When it’s time for a vacation, do you find yourself so stressed that by the time you get back, you haven’t really relaxed at all? If so, this episode is for you. Susan walks you through her process for unplugging to get the most out of your time off so you can come back creative and refreshed.
Getting ready for break – and everything that comes with it.
The process to unplug during a break.
What does the science say?
Research shows that time away from the job can have physical and mental health benefits. People who take vacations have lower stress, less risk of heart disease, a better outlook on life, and more motivation to achieve goals.
Overwork leads to lowered creativity and problem solving, less productivity, and no net career benefits.
Here’s what’s interesting: we don’t know what to do with time off. Our company provides unlimited time off and yet, we almost have to force our employees to take it.
This is why the quality of your time off matters.
According to the Harvard Business Review, passive rest and relaxation are not effective for recovering from the day to day stresses that build up.
What actually works? Setting goals for your time off. Turns out that people who set goals for their breaks are between 8-13% happier when they return to work than those who didn’t.
Caveat: don’t treat your goals as a to-do list. Be flexible. And make sure these are personal goals and not work goals.
One way to enjoy a better break is through an unplug process. Once I started implementing this, I started seeing bigger breakthroughs in my business and more importantly, in my personal health and well-being.
Here’s the process:
Close out your work as best as you can. Make a list of the top 3 priorities for when you return and then leave this on your desk. DO NOT take it home.
Put up an out-of-office notice and stick to it. Do NOT check your emails when you are on break. Remove your email app from your phone/devices. This will take a few days to detox from the habit of checking your emails. Can’t totally let go of email? Set up a vacation email account that forwards specific items from your work email to your vacation email.
Create a list of personal goals for your time off. Include some items for rest, for play, for service, and for creativity. Write them down on paper and put it somewhere you’ll see it every day.
Put yourself on a digital sabbatical. If you can, move your social media apps to the last screen on your phone so you don’t see the notifications all the time. Turn off notifications/chimes and if necessary, put your phone in airplane mode for set periods during the day. Only turn it on at set times to check for phone messages purposefully.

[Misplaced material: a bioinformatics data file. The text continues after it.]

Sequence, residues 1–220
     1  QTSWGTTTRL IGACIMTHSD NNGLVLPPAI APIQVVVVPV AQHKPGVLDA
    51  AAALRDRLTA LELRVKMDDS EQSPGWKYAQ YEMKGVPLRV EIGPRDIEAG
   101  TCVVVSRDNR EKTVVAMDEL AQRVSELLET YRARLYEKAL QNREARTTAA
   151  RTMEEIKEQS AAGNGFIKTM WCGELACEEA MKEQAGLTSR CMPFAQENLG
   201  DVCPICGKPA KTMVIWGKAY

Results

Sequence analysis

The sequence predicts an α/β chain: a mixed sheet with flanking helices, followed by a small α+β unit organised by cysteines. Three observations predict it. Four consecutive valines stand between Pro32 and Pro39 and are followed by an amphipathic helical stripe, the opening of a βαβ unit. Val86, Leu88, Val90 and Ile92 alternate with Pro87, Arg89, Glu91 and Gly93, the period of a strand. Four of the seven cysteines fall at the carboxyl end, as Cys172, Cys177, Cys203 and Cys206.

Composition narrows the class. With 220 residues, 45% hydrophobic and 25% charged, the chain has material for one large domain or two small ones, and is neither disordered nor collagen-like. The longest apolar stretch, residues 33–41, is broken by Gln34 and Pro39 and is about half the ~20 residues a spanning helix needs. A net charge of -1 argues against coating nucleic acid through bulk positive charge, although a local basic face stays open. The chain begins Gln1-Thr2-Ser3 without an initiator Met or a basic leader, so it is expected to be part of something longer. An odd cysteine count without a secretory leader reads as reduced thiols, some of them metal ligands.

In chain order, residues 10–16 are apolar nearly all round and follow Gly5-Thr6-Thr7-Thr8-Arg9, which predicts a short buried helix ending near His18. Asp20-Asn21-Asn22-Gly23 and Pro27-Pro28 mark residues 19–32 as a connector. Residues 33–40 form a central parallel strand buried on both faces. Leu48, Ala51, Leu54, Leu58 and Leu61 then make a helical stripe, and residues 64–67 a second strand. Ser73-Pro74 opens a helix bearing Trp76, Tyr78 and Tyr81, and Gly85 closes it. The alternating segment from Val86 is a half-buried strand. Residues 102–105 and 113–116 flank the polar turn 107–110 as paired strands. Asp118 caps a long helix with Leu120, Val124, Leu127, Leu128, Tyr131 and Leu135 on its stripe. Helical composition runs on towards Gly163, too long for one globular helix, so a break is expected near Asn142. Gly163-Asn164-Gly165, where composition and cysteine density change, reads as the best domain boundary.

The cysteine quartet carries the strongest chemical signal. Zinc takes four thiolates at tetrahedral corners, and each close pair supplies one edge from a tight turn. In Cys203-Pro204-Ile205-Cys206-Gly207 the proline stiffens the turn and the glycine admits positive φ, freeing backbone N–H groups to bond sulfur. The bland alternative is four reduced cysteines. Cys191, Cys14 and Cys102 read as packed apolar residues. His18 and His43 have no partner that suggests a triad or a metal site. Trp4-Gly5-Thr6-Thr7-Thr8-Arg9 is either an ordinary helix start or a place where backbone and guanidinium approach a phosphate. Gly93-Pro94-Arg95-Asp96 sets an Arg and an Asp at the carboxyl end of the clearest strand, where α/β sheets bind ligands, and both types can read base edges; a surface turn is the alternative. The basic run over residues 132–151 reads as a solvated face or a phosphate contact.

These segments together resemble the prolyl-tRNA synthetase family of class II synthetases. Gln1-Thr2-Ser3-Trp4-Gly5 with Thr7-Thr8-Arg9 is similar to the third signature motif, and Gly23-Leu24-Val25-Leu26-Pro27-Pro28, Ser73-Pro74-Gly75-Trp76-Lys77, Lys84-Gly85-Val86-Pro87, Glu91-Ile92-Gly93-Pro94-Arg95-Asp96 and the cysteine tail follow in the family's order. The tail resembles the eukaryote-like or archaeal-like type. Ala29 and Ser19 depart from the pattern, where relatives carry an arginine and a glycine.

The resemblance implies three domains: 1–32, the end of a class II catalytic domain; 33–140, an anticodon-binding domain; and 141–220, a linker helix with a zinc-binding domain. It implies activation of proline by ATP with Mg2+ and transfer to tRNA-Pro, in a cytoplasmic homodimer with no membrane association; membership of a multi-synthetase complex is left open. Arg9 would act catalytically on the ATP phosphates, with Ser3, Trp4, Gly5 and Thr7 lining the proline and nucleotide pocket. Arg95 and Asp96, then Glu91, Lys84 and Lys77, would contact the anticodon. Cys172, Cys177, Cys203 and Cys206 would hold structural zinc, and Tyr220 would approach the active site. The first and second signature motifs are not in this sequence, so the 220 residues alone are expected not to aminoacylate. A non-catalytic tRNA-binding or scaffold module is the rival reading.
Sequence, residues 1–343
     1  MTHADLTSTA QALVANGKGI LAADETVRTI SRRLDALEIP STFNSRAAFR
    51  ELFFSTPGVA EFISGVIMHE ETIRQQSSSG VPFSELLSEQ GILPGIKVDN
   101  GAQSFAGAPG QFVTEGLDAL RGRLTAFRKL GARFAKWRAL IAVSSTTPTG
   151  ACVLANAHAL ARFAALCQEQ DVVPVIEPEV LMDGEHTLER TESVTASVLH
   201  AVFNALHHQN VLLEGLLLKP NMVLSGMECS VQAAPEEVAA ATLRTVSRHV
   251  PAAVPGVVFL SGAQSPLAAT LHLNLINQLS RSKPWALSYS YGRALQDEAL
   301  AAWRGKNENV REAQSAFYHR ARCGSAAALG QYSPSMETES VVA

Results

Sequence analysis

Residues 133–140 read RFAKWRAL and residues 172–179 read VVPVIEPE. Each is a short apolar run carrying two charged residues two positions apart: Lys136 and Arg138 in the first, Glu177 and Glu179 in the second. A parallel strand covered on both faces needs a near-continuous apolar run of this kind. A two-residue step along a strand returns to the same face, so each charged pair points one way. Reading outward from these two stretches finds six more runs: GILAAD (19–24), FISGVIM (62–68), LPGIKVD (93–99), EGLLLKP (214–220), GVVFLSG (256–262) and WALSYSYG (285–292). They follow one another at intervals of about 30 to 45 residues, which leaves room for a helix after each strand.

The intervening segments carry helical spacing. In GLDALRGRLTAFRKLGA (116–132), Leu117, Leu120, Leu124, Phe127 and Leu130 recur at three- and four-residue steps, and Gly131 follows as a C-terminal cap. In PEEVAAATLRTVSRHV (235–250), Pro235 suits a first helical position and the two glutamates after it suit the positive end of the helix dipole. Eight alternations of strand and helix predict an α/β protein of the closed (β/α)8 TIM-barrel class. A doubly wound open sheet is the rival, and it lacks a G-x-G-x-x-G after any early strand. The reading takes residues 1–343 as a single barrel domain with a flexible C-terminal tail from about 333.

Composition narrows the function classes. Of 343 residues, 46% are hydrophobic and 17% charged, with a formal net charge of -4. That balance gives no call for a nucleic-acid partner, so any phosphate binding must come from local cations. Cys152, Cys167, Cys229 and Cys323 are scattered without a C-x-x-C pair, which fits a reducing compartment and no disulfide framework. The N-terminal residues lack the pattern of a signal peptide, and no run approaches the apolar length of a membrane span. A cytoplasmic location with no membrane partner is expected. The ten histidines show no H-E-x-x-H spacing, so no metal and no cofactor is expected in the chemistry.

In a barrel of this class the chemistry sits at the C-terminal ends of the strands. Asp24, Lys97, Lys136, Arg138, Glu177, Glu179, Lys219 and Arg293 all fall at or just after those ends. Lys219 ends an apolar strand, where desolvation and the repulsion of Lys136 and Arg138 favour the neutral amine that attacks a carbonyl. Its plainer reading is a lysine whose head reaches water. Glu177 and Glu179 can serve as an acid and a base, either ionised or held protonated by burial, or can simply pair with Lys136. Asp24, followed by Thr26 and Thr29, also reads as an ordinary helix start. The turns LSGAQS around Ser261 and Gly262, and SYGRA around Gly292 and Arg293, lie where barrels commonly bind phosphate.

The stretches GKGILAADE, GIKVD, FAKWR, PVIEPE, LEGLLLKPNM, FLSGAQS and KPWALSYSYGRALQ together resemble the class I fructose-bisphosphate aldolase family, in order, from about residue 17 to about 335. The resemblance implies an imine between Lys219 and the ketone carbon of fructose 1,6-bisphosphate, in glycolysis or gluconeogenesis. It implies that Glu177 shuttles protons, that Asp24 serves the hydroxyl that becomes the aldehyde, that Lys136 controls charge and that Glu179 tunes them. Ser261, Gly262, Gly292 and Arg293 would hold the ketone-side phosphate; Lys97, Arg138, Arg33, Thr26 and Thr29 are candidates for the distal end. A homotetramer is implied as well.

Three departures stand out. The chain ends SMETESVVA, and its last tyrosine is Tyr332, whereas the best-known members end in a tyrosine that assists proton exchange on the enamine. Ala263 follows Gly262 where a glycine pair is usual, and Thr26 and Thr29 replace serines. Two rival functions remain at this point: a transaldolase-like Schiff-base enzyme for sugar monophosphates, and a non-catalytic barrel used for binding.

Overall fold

Schedule a re-entry segment. This is when you start turning everything back on, catching up on a few things, and getting yourself ready to tackle work again with a clear mind. Set a time limit for this – whether it’s 2 hours or an afternoon – and when the time is up, you’re done for now.
This process works – but it takes practice. At first, it took me a full week out of a 2-week vacation to really let go and get into vacation mode. Now, it only takes me a day or so. Give yourself grace and understanding that it takes time to unwind.
Also – another good tip is to let others know you’re going to unplug. They’ll hold you accountable when you want to fall back into those old habits.
That’s it for this week. If you try this process out over break, let me know how it goes when you get back in the new year. Next week, I’ll be bringing you one other process I do every year: journaling for goal setting and reaching. I’m even sharing some of my personal journals so you can see/hear how I set everything up.
I hope you are able to find some rest during this upcoming break period. For those of you who celebrate it like me, Merry Christmas! And for everyone else, I wish you a season of peace and joy.
The Art Works for Teachers Podcast helps teachers crack the code of creativity and use it as a hidden advantage in the classroom. Each week, we’ll use “creative clues” from authors, artists, and teachers to unlock the power of the arts and where it can take us in education today.
Hosted by Susan Riley, Founder of The Institute for Arts Integration and STEAM